There’s nothing terribly new about the confessional as a literary form. It can just as easily appear as swagger as it can an act of contrition, and this book has the flavor of both. Lynn, the protagonist's lover of the moment, acts as the touchstone for painful recollections of relationships gone by. Full of unhealed wounds and populated by the numerous women that interconnect in his memory, in this memoiristic novel the author is at his most brilliant and his least kind. Montauk is messy in the way that psychotherapy is messy, like the gorgeous self-scrutiny of Maggie Nelson or Karl Ove Knausgaard. It’s loving, in its way, and sadly aware of how much time has passed and how badly.— From Jeff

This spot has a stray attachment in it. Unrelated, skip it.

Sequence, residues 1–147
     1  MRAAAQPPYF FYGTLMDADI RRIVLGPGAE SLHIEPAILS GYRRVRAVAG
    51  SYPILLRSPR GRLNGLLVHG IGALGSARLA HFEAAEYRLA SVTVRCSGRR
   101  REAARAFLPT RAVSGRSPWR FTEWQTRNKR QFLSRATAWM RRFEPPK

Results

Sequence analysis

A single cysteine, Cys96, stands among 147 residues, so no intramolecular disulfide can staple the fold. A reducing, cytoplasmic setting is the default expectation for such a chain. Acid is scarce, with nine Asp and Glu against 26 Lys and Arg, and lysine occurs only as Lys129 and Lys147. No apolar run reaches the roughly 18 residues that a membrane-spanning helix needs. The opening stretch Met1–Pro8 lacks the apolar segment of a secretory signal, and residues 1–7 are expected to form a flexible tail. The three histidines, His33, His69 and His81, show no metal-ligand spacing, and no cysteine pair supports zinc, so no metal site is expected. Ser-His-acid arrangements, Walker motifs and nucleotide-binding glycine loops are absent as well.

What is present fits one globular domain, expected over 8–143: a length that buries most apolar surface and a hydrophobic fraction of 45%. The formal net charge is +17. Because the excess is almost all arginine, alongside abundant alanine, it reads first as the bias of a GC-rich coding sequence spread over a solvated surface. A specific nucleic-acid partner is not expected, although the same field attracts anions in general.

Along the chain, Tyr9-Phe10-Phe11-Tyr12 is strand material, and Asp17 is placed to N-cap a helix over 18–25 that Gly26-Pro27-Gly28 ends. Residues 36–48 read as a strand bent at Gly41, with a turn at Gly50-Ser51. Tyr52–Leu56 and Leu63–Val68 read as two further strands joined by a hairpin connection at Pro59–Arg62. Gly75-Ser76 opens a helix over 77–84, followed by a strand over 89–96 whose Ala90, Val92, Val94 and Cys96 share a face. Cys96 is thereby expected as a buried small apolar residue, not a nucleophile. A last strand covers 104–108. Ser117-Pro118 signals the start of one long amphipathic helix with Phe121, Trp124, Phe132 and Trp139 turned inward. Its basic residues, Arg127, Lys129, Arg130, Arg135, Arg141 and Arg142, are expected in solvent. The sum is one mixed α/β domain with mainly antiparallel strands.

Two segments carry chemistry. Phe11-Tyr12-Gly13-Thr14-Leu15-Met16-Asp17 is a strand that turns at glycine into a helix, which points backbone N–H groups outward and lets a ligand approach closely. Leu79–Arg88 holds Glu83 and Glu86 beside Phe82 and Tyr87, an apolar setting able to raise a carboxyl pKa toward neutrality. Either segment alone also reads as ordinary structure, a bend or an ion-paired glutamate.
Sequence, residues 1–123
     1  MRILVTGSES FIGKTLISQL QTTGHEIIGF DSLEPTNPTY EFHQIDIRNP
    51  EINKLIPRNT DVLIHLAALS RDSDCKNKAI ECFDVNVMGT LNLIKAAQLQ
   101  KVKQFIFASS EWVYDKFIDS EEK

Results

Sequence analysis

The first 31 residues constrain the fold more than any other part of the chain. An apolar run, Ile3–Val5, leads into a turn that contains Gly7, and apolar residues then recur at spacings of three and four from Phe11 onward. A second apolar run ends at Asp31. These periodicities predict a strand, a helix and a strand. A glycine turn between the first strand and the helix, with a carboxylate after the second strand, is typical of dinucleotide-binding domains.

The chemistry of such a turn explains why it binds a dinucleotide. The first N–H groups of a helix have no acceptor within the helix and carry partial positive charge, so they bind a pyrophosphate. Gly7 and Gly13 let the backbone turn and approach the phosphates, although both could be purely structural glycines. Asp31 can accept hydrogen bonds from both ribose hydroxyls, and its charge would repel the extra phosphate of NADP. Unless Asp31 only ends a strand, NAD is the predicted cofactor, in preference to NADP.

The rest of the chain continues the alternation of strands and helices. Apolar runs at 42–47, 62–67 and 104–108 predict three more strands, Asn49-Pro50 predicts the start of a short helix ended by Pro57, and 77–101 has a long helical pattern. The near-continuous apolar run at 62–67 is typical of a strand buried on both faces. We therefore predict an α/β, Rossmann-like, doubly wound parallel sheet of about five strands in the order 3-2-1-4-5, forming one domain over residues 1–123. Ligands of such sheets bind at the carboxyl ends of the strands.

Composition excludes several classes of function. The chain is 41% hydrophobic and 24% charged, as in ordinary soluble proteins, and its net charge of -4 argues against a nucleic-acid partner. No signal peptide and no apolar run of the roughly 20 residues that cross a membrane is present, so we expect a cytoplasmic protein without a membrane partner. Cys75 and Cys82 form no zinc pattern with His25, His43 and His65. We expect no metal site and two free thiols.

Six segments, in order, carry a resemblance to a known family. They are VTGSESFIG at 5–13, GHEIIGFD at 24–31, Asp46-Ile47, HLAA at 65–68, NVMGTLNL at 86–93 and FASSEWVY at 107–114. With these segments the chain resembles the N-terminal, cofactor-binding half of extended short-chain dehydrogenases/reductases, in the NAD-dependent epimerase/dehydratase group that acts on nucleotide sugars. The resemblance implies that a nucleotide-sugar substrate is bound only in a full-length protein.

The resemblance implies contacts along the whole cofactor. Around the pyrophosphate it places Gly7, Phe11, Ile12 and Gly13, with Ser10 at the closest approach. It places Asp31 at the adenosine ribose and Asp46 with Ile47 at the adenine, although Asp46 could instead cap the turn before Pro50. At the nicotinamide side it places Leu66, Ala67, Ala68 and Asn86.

Casting himself as both subject and observer, Frisch reflects on his marriages, children, friendships, and careers; a holiday weekend in Long Island is a trigger to recount and question events and aspects of his own life, along with creeping fears of mortality. He paints a bittersweet portrait that is sometimes painful and sometimes humorous, but always affecting. Emotionally raw and formally innovative, Frisch's novel collapses the distinction between art and life, but leaves the reader with a richer understanding of both.